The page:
2.4% Q4 growth : Is anybody arguing that the stimulus worked?

We got more news that the Obama recovery is a lot like the last three 8-8 Cowboys seasons.  In other words, not very good for the fans who've been waiting a long time for our local team to go on a playoff run.

Cowboys' fans are getting very impatient. 

On a more serious topic, Americans are also getting very impatient about a US economy that just doesn't seem to want to take off in a kind of a growth run.

According to Bloomberg, our old friend "Mr Revised Downward" is using his red pen again and marking down the prior results:

"Gross domestic product grew at a 2.4 percent annualized rate from October through December, compared with the government’s first estimate of 3.2 percent issued last month, revised figures from the Commerce Department also showed today."

My bigger concern is that we may be entering a period where growth is stagnant and that may be the shape of things to come, according to Floyd Norris of The New York Times:  

The part of the past that you deem most relevant can be critical in determining your outlook for the future. And nowhere is that clearer than in the changing economic forecasts that come out of the Congressional Budget Office.

This year’s short-term and long-term economic forecasts are substantially worse than last year’s, even though the economy performed better than expected in 2013. What changed was that the C.B.O. economists essentially decided that they would no longer treat the recent years of poor economic performance as a sort of outlier. They have seen enough of a slow economy to begin to think that we should get used to sluggishness.

They think that Americans will earn less than they previously expected, that fewer of them will want jobs and that fewer will get them. They think companies will invest less and earn less. The economy, as measured by growth in real gross domestic product, will settle into a prolonged period in which it grows at an average rate of just 2.1 percent. From 2019 through 2024, job growth will average less than 70,000 a month.

It looks to me that President Obama's legacy will be ugly:

1) ObamaCare;

2) A foreign policy that will keep him up at night; and,

3) GDP growth that will be tough to defend politically.

Other than that, "the stimulus" is doing just great and Press Secretary Carney is singing the same old song!

 

P. S. You can hear CANTO TALK here & follow me on Twitter @ scantojr.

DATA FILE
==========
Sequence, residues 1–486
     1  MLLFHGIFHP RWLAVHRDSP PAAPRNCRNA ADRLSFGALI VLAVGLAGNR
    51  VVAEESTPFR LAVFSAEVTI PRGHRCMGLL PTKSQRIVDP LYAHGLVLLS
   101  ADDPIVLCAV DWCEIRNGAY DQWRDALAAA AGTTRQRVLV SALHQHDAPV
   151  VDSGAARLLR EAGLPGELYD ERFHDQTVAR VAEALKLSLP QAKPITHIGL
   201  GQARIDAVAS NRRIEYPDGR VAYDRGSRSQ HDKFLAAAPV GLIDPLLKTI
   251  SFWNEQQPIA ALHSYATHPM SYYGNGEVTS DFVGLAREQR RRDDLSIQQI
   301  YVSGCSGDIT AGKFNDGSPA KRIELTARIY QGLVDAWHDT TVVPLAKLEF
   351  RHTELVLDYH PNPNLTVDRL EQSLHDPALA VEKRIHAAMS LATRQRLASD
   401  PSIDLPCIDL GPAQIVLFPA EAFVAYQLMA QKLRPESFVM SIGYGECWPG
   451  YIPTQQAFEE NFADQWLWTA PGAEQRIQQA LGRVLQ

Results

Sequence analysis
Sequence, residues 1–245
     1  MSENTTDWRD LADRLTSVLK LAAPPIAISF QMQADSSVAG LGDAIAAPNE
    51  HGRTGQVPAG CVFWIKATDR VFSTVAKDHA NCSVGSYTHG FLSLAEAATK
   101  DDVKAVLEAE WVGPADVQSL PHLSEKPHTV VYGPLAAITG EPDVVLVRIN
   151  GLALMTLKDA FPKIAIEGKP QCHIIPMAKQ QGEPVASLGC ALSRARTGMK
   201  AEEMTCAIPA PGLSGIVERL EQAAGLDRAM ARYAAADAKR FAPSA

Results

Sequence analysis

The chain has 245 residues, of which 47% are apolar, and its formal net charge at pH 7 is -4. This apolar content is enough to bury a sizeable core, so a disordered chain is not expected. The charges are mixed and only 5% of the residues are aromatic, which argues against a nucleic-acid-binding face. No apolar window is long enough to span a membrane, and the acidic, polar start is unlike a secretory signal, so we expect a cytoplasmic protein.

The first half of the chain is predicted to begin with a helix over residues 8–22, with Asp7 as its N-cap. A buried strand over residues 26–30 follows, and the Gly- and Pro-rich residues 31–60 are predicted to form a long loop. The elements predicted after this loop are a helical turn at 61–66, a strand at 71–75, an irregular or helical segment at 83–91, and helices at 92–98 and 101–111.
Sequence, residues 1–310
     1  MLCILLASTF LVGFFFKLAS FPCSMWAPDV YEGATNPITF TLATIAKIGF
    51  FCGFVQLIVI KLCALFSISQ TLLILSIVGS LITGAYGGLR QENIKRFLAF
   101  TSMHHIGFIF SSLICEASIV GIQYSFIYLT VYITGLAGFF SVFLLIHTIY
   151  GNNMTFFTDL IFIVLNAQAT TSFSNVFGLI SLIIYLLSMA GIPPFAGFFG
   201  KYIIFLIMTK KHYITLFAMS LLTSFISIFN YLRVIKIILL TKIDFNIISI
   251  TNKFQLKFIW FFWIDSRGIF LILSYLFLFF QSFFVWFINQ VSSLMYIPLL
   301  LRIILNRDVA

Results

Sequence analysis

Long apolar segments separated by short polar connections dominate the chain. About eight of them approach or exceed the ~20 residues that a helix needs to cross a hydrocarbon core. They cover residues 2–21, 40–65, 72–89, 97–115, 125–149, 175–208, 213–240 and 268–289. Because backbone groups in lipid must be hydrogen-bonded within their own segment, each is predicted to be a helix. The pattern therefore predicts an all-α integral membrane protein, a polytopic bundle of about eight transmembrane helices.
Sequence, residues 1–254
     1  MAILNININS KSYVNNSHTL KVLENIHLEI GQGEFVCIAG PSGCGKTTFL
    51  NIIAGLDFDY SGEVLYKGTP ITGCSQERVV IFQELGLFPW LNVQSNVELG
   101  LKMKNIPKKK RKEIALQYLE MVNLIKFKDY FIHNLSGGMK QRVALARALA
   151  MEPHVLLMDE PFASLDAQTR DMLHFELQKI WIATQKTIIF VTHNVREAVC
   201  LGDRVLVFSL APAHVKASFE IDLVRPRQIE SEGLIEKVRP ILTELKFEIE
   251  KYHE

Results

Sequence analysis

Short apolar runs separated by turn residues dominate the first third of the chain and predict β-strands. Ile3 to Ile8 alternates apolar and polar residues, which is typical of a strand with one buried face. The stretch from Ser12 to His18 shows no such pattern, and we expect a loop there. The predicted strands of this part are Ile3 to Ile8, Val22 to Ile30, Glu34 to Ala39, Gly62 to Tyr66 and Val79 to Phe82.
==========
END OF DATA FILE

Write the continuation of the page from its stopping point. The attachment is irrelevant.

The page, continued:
We got more news that the Obama recovery is a lot like the last three 8-8 Cowboys seasons.  In other words, not very good for the fans who've been waiting a long time for our local team to go on a playoff run.

Cowboys' fans are getting very impatient. 

On a more serious topic, Americans are also getting very impatient about a US economy that just doesn't seem to want to take off in a kind of a growth run.

According to Bloomberg, our old friend "Mr Revised Downward" is using his red pen again and marking down the prior results:

"Gross domestic product grew at a 2.4 percent annualized rate from October through December, compared with the government’s first estimate of 3.2 percent issued last month, revised figures from the Commerce Department also showed today."

My bigger concern is that we may be entering a period where growth is stagnant and that may be the shape of things to come, according to Floyd Norris of The New York Times:  

The part of the past that you deem most relevant can be critical in determining your outlook for the future. And nowhere is that clearer than in the changing economic forecasts that come out of the Congressional Budget Office.

This year’s short-term and long-term economic forecasts are substantially worse than last year’s, even though the economy performed better than expected in 2013. What changed was that the C.B.O. economists essentially decided that they would no longer treat the recent years of poor economic performance as a sort of outlier. They have seen enough of a slow economy to begin to think that we should get used to sluggishness.

They think that Americans will earn less than they previously expected, that fewer of them will want jobs and that fewer will get them. They think companies will invest less and earn less. The economy, as measured by growth in real gross domestic product, will settle into a prolonged period in which it grows at an average rate of just 2.1 percent. From 2019 through 2024, job growth will average less than 70,000 a month.

It looks to me that President Obama's legacy will be ugly:

1) ObamaCare;

2) A foreign policy that will keep him up at night; and,

3) GDP growth that will be tough to defend politically.

Other than that, "the stimulus" is doing just great and Press Secretary Carney is singing the same old song!

 

P. S. You can hear CANTO TALK here & follow me on Twitter @ scantojr.